Interestingly enough, Kung Pao Chicken is an authentic Chinese dish popular through much of China. The name in Mandarin is very similar: gōng bǎo jī dīng. I ordered it all over (well, mostly just the North East/Central and parts of Sichuan) China when I ran into language problems at restaurants. It varies regionally but is generally very dependable. The kind you order in the States usually has a mess of vegetables added to it but in China it's just chicken, peanuts, and whole chili pods, sometimes with scallions and, in Sichuan itself, Sichuan peppercorns.

Which brings me to another answer: the "Chinese stir fry" really doesn't exist in most of China. Vegetables are often cooked separately rather than mixed together, and very rarely will you see dishes that mix meat and vegetables together. They tend to be separate dishes.
posted by Deathalicious at 9:14 AM on January 16, 2012


I personally think it's a perfectly fine dish when done well. If you want to turn your nose down at American Chinese cuisine, there are much better targets, such as sweet and sour chicken or fried egg rolls.

I'm not. It's just laughable that 19th century Chinese immigrants working on the railroad would create such a dish. The ingredients are very much not things that would be available to poor rural immigrants at that time and in that place - if anything it would have been a luxurious dish to be prepared on very special occasions. (Do you know how many chickens you'd need to kill to get enough chicken thighs to make more than a couple servings of General Tso's?)

It's very much a dish of 20th century American restaurant culture. Which is not surprising as it was created in a 20th century American restaurant.
posted by Sara C. at 9:30 AM on January 16, 2012


This may be controversial, but a burrito is not a Mexican dish.
posted by notned at 10:43 AM on January 16, 2012


Chicken (which is typically cheap as meat goes), vinegar, pepper and breading doesn't seem all that exotic to me - particularly along a railroad in southern California, even in 1860. If there is anything that is actually true about this origin (I'm just reporting what I read) I would fully expect the modern restaurant version of the dish to be have undergone the same level of transformation that any number of "comfort foods" have.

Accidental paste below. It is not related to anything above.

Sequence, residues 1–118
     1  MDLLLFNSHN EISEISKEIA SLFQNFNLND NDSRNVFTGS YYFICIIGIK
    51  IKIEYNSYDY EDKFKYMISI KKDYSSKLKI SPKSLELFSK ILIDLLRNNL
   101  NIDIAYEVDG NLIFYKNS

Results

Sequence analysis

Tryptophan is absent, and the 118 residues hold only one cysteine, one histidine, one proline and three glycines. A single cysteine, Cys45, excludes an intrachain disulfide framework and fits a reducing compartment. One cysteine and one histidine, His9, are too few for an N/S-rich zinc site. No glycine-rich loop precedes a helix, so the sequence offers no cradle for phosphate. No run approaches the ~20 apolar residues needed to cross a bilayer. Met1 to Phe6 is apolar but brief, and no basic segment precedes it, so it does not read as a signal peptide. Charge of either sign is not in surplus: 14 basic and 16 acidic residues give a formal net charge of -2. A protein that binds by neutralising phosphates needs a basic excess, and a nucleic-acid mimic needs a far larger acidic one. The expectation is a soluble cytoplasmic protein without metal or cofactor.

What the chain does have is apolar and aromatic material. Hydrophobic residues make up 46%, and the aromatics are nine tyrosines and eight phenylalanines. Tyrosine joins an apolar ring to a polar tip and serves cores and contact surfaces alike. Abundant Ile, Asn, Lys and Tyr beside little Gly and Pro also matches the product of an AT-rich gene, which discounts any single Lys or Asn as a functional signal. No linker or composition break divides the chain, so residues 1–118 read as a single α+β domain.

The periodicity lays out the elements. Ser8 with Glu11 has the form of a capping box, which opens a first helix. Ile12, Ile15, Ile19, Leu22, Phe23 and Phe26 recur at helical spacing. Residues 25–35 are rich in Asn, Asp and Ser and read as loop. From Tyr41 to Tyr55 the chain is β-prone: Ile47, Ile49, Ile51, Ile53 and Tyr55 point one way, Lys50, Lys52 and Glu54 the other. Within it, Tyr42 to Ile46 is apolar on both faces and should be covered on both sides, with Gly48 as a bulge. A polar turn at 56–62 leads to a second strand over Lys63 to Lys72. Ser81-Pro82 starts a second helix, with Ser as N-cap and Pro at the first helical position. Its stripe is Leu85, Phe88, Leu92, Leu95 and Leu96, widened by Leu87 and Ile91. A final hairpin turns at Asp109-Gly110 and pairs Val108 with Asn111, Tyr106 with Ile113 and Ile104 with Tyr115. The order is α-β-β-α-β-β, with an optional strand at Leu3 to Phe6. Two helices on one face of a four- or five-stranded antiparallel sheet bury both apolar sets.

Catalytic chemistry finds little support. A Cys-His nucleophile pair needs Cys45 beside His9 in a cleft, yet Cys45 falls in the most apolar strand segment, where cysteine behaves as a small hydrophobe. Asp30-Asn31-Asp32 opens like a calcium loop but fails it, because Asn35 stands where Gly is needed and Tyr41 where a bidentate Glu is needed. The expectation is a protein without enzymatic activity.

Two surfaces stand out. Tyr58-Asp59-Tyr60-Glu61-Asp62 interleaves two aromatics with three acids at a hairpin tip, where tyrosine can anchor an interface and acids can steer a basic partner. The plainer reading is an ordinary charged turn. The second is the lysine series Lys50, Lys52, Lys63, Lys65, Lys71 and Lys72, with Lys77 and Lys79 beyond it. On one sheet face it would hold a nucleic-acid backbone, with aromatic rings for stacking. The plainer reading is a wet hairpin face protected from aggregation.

I know what my grandmother called polenta (which was very much a poverty food in its day) and I know what they're serving at the local "Eurobistro" under that moniker. They do both include corn meal.
posted by Kid Charlemagne at 12:11 PM on January 16, 2012


Just ran across this in Patrick O'Brian's The Fortune of War, set in 1813 (Norton paperback, p. 297): "The Americans had been kind, polite, hospitable, and their sailors thorough seamen, but they had the strangest notion of coffee: a thin, thin brew - a man might drink himself into a dropsy before the stuff raised his spirits even half a degree."
posted by languagehat at 7:46 AM on January 22, 2012


Sara C.: "It's just laughable that 19th century Chinese immigrants working on the railroad would create such a dish."

Agreed and this is true of nearly every dish served in an American Chinese restaurant. I'd personally love to sample authentic Chinese railroad worker cuisine. I can't help but imagine that somewhere out there are a bunch of dishes dating back to the late 19th century that combine elements of both Chinese and southwest cuisines.

For a while I wondered whether Mu Shu was actually a fusion of Chinese and Tex-Mex, but it turns out that wrapping things in a burrito-like roll is entirely Chinese in origin (don't have a reference but I'm sure Wikipedia will have some background).
posted by Deathalicious at 8:01 PM on January 23, 2012